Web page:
What to Expect When Your Pet Has an Oral Mass
Oral health is a very important factor in a pet’s quality of life and, the more we learn, the more it becomes obvious that oral health can affect overall health. You are making a wonderful commitment to your pet’s oral care and we want you to know what to expect when you come to visit with us! Please be aware that each patient is different and the mouth is a difficult place to predict, however we will do our best to derive as close of a treatment plan as possible during our initial visit.
What is the mass?
Oral masses can be anything from benign extra gum tissue to more scary oral cancers. Although sometimes the shape, size and location of oral masses can give us a hint of what kind of mass is present, benign and malignant oral masses can masquerade as each other and even look identical. We will discuss the different causes of oral masses and what our suspicions may be when you arrive for your diagnostic appointment.
Depending on the nature of the mass and previous tests performed, we may recommend further diagnostics to better characterize the growth. In other cases, we may recommend going directly to surgery.
What can be done to treat the mass?
Once we know what type of growth it is, we can provide you with the treatment recommendations. Often treatment will involve some type of surgery. Depending on the origin of the cells and tissue involved, some masses can be simply removed. Some tumor types are known to project microscopic projections into the surrounding tissues. In these cases, we may recommend a wide or “radical” excision meaning we remove the mass with some of the normal neighboring tissue. It is important to know that although to us, removing part of our jaw may be devastating both emotionally and physically, we can learn a lesson from our canine companions. These patients quickly adapt and return to their pre-surgical self within days to weeks and the changes in their physical appearance is surprisingly minimal in many cases. We will always submit the mass for microscopic (histopathologic) review to ensure we have the right diagnosis and confirm the mass was removed completely. Some more aggressive tumors may require chemotherapy or radiation for the best prognosis. And of course, in some cases, you may not want to pursue further treatment based on the tumor type and prognosis. In these instances we will develop a plan to ensure you and your pet are comfortable for as long as we have to enjoy them. We will work with you and your veterinarian throughout this process and cross each bridge as we get there.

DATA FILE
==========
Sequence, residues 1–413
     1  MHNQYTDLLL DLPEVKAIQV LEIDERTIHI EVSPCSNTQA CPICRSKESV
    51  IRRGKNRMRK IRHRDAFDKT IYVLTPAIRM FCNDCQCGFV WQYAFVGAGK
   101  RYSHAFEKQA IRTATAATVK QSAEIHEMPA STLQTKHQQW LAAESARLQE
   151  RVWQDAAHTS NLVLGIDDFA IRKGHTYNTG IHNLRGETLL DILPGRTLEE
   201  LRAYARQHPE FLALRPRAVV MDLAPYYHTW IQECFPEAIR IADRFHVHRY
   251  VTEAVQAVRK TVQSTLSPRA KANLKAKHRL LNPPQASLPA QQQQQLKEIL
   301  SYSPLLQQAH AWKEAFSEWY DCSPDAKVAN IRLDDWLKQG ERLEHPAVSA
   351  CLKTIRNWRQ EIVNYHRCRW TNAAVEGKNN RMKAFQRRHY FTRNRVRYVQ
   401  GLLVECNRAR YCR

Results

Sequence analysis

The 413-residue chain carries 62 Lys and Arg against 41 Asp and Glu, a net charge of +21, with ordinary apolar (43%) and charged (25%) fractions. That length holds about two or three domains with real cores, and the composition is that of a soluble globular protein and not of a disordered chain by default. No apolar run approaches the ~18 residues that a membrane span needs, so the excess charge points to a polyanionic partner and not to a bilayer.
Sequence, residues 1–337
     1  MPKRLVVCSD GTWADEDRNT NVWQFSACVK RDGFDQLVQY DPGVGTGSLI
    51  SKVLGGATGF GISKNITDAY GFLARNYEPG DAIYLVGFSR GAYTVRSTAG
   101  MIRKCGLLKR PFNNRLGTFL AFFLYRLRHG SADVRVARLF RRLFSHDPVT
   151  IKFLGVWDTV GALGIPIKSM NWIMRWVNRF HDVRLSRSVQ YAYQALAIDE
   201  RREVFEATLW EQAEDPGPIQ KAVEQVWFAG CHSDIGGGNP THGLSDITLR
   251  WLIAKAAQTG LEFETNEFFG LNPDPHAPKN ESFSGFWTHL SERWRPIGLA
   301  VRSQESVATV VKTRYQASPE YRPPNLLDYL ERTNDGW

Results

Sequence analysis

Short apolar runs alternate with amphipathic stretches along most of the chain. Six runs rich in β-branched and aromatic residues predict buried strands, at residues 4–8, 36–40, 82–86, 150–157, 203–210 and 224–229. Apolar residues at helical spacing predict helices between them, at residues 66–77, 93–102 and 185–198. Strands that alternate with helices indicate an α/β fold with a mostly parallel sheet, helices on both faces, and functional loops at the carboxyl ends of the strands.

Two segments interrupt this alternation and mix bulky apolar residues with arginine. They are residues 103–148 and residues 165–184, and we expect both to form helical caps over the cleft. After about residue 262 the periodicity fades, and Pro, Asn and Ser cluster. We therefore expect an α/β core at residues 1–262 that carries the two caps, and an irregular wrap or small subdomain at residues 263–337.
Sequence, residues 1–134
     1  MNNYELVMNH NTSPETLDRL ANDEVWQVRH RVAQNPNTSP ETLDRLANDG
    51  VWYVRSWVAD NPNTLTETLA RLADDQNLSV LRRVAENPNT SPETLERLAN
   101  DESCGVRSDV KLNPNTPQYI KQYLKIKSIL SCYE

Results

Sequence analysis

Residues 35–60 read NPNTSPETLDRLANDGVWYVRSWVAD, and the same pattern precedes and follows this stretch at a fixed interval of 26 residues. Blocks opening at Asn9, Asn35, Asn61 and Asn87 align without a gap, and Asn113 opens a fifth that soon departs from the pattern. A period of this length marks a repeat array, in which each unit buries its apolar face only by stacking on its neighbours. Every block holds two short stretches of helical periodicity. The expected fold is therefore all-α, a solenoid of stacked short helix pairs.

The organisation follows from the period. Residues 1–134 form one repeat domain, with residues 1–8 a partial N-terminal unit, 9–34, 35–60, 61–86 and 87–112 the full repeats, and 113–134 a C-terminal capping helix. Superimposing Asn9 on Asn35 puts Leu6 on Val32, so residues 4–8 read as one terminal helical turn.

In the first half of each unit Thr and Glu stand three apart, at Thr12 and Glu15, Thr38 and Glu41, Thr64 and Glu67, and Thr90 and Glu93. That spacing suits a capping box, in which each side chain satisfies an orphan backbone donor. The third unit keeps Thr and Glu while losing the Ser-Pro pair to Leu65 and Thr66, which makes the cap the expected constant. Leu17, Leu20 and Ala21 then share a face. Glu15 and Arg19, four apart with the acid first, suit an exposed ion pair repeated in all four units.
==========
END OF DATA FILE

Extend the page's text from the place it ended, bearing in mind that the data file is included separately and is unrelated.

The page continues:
Learn more about this disease by contacting our Dentistry service at your nearest BluePearl veterinary hospital. Here are our hospital locations.
© BluePearl Veterinary Partners 2012